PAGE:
Diana Eusebio, Erin Kirchner, Grace Kwon, Rachel Rusk, Sydney Sieh-Takata
Kerasynth is a synthetically grown biological material that can replace all keratin-based animal fibers. It takes the approach of using tissue engineering to grow wool Hair Follicle Germ (HFG) cells on microfluidic devices designed to provide the cells with nutrients and to remove waste. The subsequent wool could then be harvested and further processed or remain attached to the microfluidic device.
Eventually, using non-animal derived growth media for cell culturing and more biodegradable alternatives for the PDMS used to make the microfluidic devices could make creating a completely vegan wool from a biodegradable support possible in the near future.
Another component of our project is to propose ways for making tissue engineering a more accessible technology through community-based educational models in schools and vocational training programs. In order to realize this goal, we have created a speculative company named DermaWool that would develop and patent this method of production before licensing other companies to use their technology in other ventures. By democratizing the knowledge and resources used in creating Kerasynth, we hope to provide a material solution that not only addresses human consumer needs and protects animal welfare, but is also inclusive in its production.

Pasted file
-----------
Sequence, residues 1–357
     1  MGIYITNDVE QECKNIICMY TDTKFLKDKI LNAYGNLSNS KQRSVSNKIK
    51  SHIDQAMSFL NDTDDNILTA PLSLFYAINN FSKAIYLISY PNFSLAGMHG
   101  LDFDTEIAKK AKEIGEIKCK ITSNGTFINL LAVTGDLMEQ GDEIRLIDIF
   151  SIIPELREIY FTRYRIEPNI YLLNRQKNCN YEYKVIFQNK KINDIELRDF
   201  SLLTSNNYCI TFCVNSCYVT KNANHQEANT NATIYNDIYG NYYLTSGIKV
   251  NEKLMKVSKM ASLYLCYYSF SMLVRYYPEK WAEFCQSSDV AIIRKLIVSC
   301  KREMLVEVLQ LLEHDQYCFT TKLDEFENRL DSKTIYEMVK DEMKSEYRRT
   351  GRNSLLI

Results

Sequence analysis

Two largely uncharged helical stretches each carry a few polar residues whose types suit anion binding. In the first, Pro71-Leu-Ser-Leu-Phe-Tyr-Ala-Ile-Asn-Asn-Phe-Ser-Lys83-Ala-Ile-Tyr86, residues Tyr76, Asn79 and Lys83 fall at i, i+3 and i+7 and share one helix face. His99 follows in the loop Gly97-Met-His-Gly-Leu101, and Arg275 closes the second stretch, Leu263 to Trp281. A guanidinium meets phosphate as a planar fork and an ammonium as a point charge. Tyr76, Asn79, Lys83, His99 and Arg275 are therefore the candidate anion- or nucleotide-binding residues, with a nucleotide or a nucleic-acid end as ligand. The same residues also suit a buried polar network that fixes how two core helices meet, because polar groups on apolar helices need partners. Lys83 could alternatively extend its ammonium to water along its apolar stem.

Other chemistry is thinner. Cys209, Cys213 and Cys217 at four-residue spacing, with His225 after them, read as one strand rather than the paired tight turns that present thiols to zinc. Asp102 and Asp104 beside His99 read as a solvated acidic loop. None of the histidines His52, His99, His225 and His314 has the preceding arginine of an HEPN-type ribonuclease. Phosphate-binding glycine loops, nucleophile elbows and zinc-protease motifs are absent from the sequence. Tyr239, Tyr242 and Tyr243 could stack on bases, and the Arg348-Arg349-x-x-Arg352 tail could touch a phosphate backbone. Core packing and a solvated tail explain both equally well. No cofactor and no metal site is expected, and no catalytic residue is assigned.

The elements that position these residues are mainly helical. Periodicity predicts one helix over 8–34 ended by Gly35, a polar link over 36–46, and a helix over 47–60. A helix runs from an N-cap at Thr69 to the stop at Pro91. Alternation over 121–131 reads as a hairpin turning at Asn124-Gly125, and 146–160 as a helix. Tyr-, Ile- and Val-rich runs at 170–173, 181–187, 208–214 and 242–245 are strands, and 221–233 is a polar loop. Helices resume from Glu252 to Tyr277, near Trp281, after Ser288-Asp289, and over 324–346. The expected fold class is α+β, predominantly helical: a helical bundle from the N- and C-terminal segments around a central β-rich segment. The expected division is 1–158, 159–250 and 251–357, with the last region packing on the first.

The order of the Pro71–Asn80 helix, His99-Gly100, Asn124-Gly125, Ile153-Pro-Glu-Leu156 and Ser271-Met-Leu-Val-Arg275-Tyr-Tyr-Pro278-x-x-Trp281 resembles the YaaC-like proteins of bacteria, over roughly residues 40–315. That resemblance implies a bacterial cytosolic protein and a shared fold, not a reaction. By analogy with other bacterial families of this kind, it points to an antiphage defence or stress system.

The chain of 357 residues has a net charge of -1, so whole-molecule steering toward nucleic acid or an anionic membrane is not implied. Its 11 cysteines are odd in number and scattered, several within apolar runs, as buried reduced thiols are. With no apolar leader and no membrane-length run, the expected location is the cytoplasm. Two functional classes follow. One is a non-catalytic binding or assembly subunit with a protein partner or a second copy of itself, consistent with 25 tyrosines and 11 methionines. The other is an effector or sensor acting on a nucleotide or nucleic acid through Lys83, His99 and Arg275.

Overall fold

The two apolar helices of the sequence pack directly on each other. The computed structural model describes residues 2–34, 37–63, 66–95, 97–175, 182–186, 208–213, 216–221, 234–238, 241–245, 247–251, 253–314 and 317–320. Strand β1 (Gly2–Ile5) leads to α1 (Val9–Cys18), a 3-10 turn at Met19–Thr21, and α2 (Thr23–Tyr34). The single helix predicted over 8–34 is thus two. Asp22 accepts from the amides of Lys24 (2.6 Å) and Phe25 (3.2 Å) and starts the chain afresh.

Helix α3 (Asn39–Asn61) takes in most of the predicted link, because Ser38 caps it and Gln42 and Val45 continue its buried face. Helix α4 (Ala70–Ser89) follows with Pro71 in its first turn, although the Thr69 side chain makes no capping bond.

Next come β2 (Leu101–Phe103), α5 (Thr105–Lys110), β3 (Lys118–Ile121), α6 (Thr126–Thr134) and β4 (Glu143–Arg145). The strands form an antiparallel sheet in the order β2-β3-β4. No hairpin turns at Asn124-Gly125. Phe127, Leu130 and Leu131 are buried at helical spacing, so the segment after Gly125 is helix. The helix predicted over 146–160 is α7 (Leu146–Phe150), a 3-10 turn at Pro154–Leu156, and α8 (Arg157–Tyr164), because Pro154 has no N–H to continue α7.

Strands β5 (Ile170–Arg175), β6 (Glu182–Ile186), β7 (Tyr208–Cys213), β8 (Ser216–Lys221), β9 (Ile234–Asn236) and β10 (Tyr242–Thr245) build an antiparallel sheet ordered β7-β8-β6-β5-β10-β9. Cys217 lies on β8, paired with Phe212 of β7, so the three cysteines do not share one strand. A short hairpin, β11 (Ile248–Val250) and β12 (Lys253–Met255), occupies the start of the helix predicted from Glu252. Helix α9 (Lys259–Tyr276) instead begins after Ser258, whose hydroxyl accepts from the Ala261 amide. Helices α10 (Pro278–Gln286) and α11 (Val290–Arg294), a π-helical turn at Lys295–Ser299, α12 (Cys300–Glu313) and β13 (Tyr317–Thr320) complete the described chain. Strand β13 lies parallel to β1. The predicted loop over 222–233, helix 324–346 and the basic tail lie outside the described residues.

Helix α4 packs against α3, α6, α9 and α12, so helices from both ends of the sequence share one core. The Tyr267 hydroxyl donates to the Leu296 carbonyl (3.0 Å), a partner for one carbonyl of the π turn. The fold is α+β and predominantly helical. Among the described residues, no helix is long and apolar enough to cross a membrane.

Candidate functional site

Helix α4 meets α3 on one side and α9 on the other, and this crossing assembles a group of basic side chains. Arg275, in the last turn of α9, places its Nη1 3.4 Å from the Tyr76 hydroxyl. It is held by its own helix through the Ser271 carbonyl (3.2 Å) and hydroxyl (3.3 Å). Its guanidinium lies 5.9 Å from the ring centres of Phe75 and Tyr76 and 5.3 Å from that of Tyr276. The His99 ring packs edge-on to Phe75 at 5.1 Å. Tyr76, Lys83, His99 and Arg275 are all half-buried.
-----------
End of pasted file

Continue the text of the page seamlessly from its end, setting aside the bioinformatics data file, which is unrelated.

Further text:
Ryan Hoover is an artist and researcher operating at the intersection of digital fabrication, biological systems, and traditional crafts. His work explores the complex ethical implications of new technologies. He exhibits at museums and art centers internationally, and is the recipient of multiple grants and awards.
Hoover's research informs his studio practice and also strives to open positive pathways for others to explore. He leads an interdisciplinary research group on bioprinting at the Baltimore Under Ground Science Space, where he also serves as a board member. He co-organizes the Bioprinting Breakout, an annual conference on bioprinting and tissue engineering that fosters exchange between the fields of medicine, science, engineering, design, art, and civics.
Hoover holds an MFA in interdisciplinary art from MICA's Mount Royal School and a dual BFA in Sculpture and Philosophy from UNC Asheville. As faculty in MICA's Interdisciplinary Sculpture department, he leads innovative classes in digital fabrication and other emerging technologies.
Banner image: Michael D. Beckwith, The Leeds Library